Venezuela has released two jailed US citizens following talks with a high-level US delegation in Caracas.
One of those freed is Gustavo Cárdenas, an executive with Citgo, a US refining company once controlled by Venezuela’s state oil firm.
The other is Jorge Alberto Fernández, who was arrested last year in Venezuela and accused of terrorism.
US President Joe Biden confirmed their release and said both had been “wrongfully detained in Venezuela”.
In a statement, President Biden thanked Special Presidential Envoy for Hostage Affairs Roger Carstens and “the entire diplomatic team for their tireless efforts to secure their release and reunite these families”.
Mr Cárdenas is one of a group of six jailed oil executives known as the Citgo 6.
A lawyer for the Citgo 6 said that the remaining five oil executives “are still detained”.
The six – five of whom are Venezuelan-born US citizens, while one is a US permanent resident – were detained in Venezuela in 2017 on corruption charges.
In November 2020, they were sentenced to lengthy prison terms ranging between eight and 13 years.
While they were temporarily moved from jail into house arrest in April 2021, they were moved back to prison in October.
The move came just hours after Alex Saab, a businessman with close ties to the government of Nicolás Maduro, was extradited to the US from Cape Verde.
US State Department Spokesman Ned Price said at the time of their transfer to prison that they were being held as “political pawns”.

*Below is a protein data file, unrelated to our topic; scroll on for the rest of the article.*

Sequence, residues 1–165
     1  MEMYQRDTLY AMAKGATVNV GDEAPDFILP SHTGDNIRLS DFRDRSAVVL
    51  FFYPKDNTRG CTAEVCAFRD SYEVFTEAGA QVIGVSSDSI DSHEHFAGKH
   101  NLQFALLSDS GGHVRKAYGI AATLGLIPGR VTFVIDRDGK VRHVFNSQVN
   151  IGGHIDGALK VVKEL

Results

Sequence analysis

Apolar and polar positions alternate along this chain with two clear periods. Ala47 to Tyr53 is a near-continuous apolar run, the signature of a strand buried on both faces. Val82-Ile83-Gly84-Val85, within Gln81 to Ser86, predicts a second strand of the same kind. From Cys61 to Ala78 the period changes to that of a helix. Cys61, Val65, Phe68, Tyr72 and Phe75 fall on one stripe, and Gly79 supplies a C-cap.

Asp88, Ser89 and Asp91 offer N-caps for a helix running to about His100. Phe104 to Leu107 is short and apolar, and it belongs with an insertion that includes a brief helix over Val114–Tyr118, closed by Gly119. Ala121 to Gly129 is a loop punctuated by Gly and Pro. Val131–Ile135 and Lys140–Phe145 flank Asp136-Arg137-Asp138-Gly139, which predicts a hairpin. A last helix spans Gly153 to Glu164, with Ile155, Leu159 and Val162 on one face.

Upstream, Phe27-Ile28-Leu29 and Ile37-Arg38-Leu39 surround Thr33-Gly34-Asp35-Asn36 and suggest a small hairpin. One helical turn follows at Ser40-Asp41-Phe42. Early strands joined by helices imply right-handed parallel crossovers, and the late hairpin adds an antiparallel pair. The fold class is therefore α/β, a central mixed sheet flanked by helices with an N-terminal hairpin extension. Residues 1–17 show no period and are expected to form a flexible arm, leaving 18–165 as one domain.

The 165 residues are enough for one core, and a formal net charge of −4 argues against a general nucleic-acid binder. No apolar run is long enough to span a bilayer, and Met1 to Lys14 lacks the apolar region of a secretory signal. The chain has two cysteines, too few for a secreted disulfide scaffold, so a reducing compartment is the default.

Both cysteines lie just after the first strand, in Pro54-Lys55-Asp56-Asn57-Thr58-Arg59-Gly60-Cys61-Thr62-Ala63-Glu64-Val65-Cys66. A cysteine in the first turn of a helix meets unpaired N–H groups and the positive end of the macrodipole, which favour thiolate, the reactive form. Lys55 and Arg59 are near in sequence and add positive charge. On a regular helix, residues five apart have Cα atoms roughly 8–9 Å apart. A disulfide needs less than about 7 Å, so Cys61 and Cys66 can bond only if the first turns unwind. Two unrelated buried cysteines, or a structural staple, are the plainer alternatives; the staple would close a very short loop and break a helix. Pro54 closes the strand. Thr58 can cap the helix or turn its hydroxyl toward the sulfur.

Jorge Alberto Fernández is not one of the Citgo 6. His lawyer said his client was arrested in 2021 in Táchira state, which borders Colombia, for bringing a drone into the country.
The release of the two men is seen by analysts as a goodwill gesture by the Venezuelan government following a rare visit to Caracas by a high-level US delegation.
Sources told Reuters news agency that the two sides discussed the possibility of easing oil sanctions on Venezuela.
The South American country has huge oil reserves but the US imposed sanctions on Venezuela’s oil sector in 2019 after President Maduro was sworn in to a second term in office following elections widely dismissed as neither free nor fair.
With oil expected to become scarcer following President Biden’s announcement on Tuesday that he would ban imports from Russia, the US has been looking for potential sources to make up the shortfall.
On Monday, White House Press Secretary Jen Psaki has confirmed that “energy security” was one of the issues raised at the talks in Caracas.